A Guide to Popular Names in Yoga

oga is everywhere. And everything seems to be Yoga! What can you expect from a class taught by an Iyengar teacher? Do the names Anusara or Jivamukti designate a certain type of yoga class? Who are the name teachers associated with the most popular styles? Below is an easy map into the world of yoga teachers, styles and classes. There exist hundreds more that reflect hybrid, blends and experimental versions inspired by different regions and influences.  

[post-img]Part 1 describes the major influential schools of yoga as they arrived from teachers in India. Part 2 offers descriptions of more recent hybrid forms developed in North America. Part 3 describes practices of Yoga other than through the physical Hatha form.

The name of the “school” or style serves as a category, along with some names of known gurus or teachers and distinguishing or unique elements that might identify the yoga teacher’s method. Some names of schools also refer to general terms in yoga practice (such as kundalini and kriya).

Any practice based on the physical postures of asanas. Almost all yoga classes in the West are hatha yoga classes. This is different from yoga practices that mainly consist of meditation and pranayama, for example, those arising from Tibetan Buddhist traditions.  

Pattabhi Jois of Mysore is the guru of this system which is good for building strength and stamina. Jumps and leaps are often used to get from one pose to another, can be quite challenging. Students use a cotton rug-mat because of the sweating and for better grip.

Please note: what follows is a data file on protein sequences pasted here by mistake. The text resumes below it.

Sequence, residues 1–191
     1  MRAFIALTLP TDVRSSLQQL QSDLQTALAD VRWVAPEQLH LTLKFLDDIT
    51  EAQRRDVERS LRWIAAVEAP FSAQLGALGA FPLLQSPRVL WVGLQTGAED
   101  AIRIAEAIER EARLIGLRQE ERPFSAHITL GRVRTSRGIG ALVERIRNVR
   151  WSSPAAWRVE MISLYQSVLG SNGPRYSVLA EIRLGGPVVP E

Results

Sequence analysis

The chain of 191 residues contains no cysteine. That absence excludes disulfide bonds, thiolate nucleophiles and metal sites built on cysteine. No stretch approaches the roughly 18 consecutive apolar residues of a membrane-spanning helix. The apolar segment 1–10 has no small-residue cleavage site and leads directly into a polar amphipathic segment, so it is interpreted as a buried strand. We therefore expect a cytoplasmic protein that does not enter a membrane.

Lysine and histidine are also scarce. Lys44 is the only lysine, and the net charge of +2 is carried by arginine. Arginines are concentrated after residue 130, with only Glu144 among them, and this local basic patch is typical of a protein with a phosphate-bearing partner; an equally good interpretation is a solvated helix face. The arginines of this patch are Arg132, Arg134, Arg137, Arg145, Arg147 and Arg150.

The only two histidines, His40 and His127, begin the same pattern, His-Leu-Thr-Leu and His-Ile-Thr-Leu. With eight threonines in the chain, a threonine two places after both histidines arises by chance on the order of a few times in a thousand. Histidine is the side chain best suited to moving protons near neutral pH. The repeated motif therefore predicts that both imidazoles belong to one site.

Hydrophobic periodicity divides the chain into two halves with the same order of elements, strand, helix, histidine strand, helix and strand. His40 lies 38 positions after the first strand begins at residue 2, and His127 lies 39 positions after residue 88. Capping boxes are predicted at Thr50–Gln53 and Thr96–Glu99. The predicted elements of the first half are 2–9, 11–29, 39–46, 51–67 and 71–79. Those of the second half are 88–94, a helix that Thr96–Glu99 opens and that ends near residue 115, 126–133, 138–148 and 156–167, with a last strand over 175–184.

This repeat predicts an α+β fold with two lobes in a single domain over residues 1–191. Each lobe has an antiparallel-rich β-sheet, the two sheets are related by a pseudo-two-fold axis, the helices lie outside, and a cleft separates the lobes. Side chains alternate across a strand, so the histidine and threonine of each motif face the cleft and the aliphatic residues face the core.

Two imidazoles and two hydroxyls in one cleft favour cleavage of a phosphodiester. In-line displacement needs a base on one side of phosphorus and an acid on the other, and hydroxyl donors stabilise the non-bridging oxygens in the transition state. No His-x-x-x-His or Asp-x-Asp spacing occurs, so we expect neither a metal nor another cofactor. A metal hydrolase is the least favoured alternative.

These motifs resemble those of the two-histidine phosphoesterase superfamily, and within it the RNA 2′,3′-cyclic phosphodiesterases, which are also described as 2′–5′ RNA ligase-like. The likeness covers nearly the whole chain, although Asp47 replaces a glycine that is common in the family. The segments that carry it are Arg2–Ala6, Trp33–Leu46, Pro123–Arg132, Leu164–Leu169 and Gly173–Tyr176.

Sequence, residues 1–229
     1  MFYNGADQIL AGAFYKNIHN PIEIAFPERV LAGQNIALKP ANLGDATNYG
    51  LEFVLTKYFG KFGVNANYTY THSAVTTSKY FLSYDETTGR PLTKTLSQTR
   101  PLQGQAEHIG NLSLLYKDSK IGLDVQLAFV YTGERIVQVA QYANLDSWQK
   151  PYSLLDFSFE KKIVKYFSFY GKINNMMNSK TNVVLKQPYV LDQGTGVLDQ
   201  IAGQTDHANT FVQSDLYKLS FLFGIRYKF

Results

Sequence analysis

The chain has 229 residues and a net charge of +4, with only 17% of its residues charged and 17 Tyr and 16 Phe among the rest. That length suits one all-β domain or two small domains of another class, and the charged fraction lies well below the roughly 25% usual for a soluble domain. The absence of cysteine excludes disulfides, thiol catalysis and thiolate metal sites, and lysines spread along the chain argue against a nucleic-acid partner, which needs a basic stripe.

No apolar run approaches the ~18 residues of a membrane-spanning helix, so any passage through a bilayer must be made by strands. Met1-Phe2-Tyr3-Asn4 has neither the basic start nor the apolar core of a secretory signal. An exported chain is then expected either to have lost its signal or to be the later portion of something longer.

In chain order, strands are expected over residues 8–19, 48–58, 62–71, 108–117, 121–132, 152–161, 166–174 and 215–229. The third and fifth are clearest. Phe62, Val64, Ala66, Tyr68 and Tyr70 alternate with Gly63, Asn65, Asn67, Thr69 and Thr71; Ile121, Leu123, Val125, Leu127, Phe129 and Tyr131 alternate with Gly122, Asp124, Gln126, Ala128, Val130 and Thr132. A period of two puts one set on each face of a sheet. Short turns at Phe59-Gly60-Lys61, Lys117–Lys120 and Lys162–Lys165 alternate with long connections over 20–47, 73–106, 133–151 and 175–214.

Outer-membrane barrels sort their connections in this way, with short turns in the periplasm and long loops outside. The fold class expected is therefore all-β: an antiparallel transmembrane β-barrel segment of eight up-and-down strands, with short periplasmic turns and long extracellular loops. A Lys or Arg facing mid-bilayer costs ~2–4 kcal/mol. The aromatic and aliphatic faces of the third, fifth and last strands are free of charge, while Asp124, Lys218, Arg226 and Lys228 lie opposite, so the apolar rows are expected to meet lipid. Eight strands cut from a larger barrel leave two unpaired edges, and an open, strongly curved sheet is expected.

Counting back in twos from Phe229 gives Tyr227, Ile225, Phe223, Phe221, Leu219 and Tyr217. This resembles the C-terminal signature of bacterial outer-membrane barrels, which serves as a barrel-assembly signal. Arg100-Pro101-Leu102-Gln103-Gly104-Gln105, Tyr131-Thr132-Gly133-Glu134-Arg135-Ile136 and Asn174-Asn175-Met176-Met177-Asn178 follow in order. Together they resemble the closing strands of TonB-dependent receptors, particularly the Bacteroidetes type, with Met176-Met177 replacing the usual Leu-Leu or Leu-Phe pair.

Developed and popularized by B.K.S. Iyengar, author of Light on Yoga. Iyengar greatly influenced the current generation of yoga teachers because of his emphasis on precise alignment of the physical body in hatha yoga postures. Most commonly done with yoga props that may include blankets, straps, blocks and cushions. Good for support and for those working with limited range of movements. Frequent use of downward facing dog in between other postures.

Kriya Yoga
Associated with the teachings of ParamhansaYogananda, whose book Autobiography of a Yogi, introduced the spiritual basis of yoga and meditation to students in the West in the 1950s. This practice is mainly based on meditation and visualization techniques working with images of light and energy. Teachings continue through the
Self-Realization Fellowship. “Kriya” is also the name of certain cleansing practices for the physical
body used by yoga practitioners such as the neti pot for cleansing nasal passages and nauli for massaging internal organs.  

May refer to either the routine developed in the Sikh community by Yoga Bhajan and made famous by Los Angeles teacher Gurmukh Kaur Khalsa or to the raising of the subtle energy called kundalini, which may occur in yoga practice. In the Sikh version, the emphasis is on rapid breath work coordinated with repeated movements, often with chanting or instruments such as the gong at the end of a session. You may also see the traditional sheep-skin rug used for meditation sessions.  

Classes are structured around 12 basic yoga postures with relaxation poses in between. Pranayama (alternate nostril breathing) and inverted postures are taught early on in sessions. Similar in style is Integral Yoga. Both teachers, Swami Vishnu Devananda of Sivananda and  Swami Satchidananda of Integral Yoga were disciples of Swami Sivananda who wrote prolifically on all aspects of a spiritual yoga practice including on devotional and philosophical aspects.

A Guide to Popular Names in Yoga